Mickey Guyton broke into tears and abruptly said goodbye to the Whine Down podcast when Jana Kramer's husband, Michael Caussin, said something ignorant. What started as a well-meaning show of support and an exploration of race relations in America quickly unraveled into an illustration of the unspoken divide between two communities.

But Guyton came back on — this time with her husband, Grant — and by the end of the call, the group had not only patched things up, they'd made real progress in their personal lives, if not the lives of listeners. Comments on Kramer's social media show fans who found a bit of themselves in Guyton or Caussin, for better or worse.

Kramer and Guyton have been friends for years, and the idea to have Guyton as a guest on the latest episode of Whine Down was born out of Kramer's desire to show support for Guyton, a 36-year-old black woman, after the death of George Floyd on May 25.

It's when they begin talking about the history of racism that things go downhill, with Caussin wondering why Jewish people aren't as angry and violent as black people in 2020, despite suffering many of the same injustices through the centuries.

"Look at their skin color, though," Guyton points out.

"That doesn't matter ... their religion was their skin color, essentially," Caussin responds.

"Would you want to grow up in the world as a black person?" Guyton asks a few moments later.

A tense exchange results, as follows:

Caussin: To answer your question, no, I wouldn't have a problem with it. Again, the grass may seem greener, right? I can't say because I haven't experienced it. I'm sure there is African Americans who haven't experienced any of that. Maybe their parents have, but I bet you there are kids that maybe haven't.

Kramer: Are you saying that's not —

Caussin: You're telling me there's not one African American that has gone through life and hasn't experienced living without having experienced racism?

Kramer: Well, your best friend is Jason, he's an African American. Have you ever asked him that question? And by the way, I'm just —

Caussin: Yeah, we haven't talked about it in a long time, but I haven't -- but he's never expressed any of that to me. But I mean, so again — I'm just saying that playing the odds, there's somebody out there that hasn't been subjected to it.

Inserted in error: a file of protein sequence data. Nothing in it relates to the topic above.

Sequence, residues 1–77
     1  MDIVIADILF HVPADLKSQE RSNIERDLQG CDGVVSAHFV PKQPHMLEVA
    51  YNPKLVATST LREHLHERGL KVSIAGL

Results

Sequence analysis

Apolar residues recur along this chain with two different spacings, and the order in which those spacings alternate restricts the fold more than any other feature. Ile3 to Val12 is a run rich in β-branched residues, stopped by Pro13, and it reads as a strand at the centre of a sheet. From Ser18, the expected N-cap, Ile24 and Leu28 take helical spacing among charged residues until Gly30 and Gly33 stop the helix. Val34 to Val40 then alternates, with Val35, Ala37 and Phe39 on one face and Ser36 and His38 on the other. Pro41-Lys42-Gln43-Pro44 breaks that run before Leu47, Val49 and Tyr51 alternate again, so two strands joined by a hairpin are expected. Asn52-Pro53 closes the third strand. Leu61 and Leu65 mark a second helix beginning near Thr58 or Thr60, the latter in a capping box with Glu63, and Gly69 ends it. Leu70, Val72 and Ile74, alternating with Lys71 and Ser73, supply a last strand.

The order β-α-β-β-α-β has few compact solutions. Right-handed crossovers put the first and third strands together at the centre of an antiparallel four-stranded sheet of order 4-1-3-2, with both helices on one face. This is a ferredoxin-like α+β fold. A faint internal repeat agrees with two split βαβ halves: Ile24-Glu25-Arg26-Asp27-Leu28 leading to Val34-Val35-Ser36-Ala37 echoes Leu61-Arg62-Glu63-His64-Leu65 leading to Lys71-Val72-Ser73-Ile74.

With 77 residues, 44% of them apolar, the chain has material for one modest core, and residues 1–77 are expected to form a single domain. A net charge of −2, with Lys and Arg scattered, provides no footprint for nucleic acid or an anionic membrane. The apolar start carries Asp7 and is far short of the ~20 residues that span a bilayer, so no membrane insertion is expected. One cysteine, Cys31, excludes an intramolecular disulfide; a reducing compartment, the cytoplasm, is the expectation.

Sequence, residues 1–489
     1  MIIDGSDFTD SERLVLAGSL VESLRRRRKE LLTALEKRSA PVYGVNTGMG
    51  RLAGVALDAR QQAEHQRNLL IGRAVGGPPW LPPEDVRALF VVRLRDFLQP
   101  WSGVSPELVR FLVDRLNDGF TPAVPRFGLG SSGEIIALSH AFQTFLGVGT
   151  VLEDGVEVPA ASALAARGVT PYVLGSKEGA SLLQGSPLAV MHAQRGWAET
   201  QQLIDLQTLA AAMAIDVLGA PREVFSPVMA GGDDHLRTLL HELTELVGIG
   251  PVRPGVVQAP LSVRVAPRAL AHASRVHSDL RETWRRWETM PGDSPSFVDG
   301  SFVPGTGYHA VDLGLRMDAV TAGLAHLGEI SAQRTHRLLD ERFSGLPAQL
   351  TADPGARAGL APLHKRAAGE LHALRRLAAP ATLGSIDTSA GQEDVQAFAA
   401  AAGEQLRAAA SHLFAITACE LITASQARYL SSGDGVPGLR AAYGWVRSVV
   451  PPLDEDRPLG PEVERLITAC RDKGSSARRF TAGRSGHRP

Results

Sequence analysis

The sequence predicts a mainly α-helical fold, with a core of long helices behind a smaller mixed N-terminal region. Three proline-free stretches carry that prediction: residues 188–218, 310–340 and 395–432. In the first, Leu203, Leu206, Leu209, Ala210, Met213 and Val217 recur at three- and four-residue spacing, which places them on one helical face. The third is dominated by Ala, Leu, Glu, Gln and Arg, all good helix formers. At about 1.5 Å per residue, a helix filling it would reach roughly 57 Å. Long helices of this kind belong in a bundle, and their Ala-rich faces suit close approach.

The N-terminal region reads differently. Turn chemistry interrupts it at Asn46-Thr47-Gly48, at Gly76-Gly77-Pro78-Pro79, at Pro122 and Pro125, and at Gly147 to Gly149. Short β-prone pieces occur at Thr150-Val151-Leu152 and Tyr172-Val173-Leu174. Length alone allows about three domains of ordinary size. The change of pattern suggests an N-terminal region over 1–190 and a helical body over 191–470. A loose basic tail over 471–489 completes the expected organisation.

Kramer: And Mickey, you're saying —

Guyton: You know, honestly, this conversation has been very heavy for me. To hear someone say that "I highly doubt that all black people have experienced some form of racism or oppression" —

Caussin: It's just a numbers game. It's not a racial game, it's a numbers game.

Guyton: I'm gonna have to get off of this call. You cannot say those things. You cannot.

Caussin: What am I saying that's disrespectful? All I'm saying is that there is a possibility. Is there a possibility?

Guyton: You know what? I got that. I got it. I don't approve this at all. I don't approve this.

She hangs up, but returns to the podcast with her husband after a private conversation with Kramer. After a commercial break, Caussin talks about his own experiences being a minority in NFL locker rooms, seemingly brushing it off before Guyton returns.

Caussin's response defines the second half of the podcast, during which he apologizes and works to understand Guyton's point of view. Her husband, Grant, admits to joining the conversation to protect her from further ignorance, but is touched to learn the former NFL player's heart is in the right place.

The exchange at the 18-minute mark is uncomfortable to read and listen to, but not unlike so many that begin and end before progress has a chance to be made. Fortunately, Guyton hangs in there as Kramer and Caussin ask genuine, if naive, questions about the black experience in America. Some were submitted by fans of the podcast, available on iHeartRadio, Apple, Stitcher and other places podcasts are found; readers can stream the June 1 episode of Whine Down at PodBay.

Kramer and Caussin recently celebrated five years of marriage. She's best known for country hits such as "I Got the Boy" and "Why Ya Wanna."

Guyton scored a Top 40 hit called "Better Than You Left Me" in 2015, and has recently released several singles with strong social themes, including "What Are You Gonna Tell Her?" and "Black Like Me." Her husband, who is also black, is a lawyer, and at the very end of the podcast, he shares a firsthand experience with police brutality.

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